The Final Page


December 31st, 2030

Well, we all saw this coming. Now, here I am. The final page of the last actual non-digital newspaper being spit out of the now instantly obsolete laser printers here at the last print newspaper left, The Des Moines Register. It is the last day of 2030 and the end of an era. Tomorrow we also go online.

Happy New Year!

Johannes Gutenberg began this journey when he invented the moveable press in 1440. What he started then with the printing of indulgences for the church and his most famous work, the Gutenberg 42 Line Bible, was the conception of a print life which lasted 590 years.

For almost 6 decades the globe’s citizenry has held parchment in their hands to keep abreast of the world, to learn new ideas, to marvel at invention and to despair at mankind’s foibles.

What a glorious run it was! Nationally paid daily newspaper subscriptions in the United States peaked at 63,000,000 in 1987. By 2015 the number had shrunk down to 39,000,000 followed by 15 more years of rapid erosion as newspapers across the land went digital and the lines between newspapers and other video content became blurred.

Today as I am bundled together with the other meagre 26 pages of this final issue of The Des Moines Register and being transported to the mere 40,000 remaining subscribers, who will surely save us as historical artifacts, I reflect upon our heritage and our impact.

For generations newspapers presented the full kaleidoscope of emotions. Within one daily newspaper you would find the joy of birth announcements separated by only several pages from the report of a brutal murder. In the boldest, largest font possible our headlines have celebrated the end of wars and declared the shock of Presidential assassinations.

Avid newspaper readers may have railed at the dark smudges which tinted their fingertips in the 1960’s and 70’s, but I’d wager they now fondly recall them as badges of honor. The ink stained fingers of the well informed.
Oh sure, sometimes we got it wrong, even the headlines, “Dewey Beats Truman” in 1948 . A vast majority of the time though, we got it right and we became the most trusted source for information. The time and effort required to not only gather the story, but also assembling and printing the story gave newspapers space for consideration and correction. Todays frenzy of instantaneous, competing headlines leads to a feeling of confusion and mistrust by their consumers.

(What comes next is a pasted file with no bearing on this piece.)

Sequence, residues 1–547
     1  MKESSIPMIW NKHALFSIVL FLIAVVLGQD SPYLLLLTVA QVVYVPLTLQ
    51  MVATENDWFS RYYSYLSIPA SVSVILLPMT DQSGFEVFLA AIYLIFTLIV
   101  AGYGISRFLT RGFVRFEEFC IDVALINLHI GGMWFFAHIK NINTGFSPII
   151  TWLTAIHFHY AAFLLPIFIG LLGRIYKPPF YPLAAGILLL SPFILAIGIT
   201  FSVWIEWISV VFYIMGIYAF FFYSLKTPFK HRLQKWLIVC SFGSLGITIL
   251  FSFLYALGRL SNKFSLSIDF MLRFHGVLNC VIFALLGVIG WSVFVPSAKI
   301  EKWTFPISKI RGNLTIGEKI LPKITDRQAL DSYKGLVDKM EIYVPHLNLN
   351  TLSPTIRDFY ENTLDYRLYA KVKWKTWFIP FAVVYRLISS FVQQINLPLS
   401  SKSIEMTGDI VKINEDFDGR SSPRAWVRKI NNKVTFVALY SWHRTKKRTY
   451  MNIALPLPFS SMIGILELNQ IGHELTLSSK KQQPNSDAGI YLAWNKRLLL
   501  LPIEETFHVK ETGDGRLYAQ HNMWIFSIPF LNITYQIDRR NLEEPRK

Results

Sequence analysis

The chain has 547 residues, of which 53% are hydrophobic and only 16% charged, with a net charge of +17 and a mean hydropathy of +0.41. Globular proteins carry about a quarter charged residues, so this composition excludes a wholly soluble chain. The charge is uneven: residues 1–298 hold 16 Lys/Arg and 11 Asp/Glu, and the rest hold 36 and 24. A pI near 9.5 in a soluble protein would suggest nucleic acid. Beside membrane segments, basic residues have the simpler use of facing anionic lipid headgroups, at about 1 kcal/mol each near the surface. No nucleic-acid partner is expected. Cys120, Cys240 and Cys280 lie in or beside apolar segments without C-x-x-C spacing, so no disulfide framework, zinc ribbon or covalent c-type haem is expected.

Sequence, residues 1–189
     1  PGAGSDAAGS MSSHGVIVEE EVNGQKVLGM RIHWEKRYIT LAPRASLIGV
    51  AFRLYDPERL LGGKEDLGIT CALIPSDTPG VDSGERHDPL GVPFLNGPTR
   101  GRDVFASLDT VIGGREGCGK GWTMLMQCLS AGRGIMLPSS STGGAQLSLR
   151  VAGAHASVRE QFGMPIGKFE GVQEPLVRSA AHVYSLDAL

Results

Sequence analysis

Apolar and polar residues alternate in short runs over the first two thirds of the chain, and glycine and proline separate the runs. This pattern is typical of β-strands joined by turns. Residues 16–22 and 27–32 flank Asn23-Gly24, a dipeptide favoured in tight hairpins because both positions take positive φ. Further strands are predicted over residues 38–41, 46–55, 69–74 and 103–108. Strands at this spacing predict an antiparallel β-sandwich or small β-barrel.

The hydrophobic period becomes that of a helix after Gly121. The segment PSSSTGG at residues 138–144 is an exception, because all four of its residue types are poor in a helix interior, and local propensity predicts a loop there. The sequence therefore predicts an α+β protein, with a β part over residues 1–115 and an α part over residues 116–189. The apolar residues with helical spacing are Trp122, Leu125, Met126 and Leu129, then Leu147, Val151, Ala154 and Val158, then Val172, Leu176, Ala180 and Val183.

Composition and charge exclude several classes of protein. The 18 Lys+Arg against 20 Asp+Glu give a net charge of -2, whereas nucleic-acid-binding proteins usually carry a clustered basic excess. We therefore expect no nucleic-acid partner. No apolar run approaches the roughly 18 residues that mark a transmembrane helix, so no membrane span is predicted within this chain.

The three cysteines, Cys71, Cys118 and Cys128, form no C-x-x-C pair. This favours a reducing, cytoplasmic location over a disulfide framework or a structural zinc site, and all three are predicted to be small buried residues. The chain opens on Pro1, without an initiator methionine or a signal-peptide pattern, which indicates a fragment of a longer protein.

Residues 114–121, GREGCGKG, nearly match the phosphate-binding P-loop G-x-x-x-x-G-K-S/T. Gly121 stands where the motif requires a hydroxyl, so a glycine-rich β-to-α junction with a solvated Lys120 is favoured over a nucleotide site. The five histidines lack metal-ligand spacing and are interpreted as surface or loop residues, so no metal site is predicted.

But, I don’t want to spend my final day kvetching. Time moves on. Rather, as I head for my own personal – 30 -, I’d prefer to reflect on the joy newspapers have spread across the country down through the decades.

For instance, on how many walls in how many homes, in and around Boston, do you think there hangs a framed copy of the Boston Globe headline for October 28th, 2004, “Yes!!”, celebrating the Red Sox first World Series victory in 86 years? It is usually right next to the John F. Kennedy portrait.

The number of newspaper sales at newsstands across America nearly tripled the normal amount on July 22nd, 1969 the morning the headlines touted Neil Armstrong’s walk on the moon.

The importance of newspapers is centuries old. In 1787 Thomas Jefferson declared, “ Were it left to me to decide whether we should have a government without newspapers or newspapers without government, I should not hesitate a moment to prefer the later.”

Now, even me, little ol’ page 26 of The Des Moines Register of December 31st, 2030, realizes there is more news, by far, being dispensed than ever before by the miracle of binary coding. However, it just feels so much more crass and divisive than what me and my paper compatriots presented. Call me a curmudgeon if you must.

Perhaps I’m just reacting to the final irony of today. For you see, I, page 26, am an obituary page.

– 30 –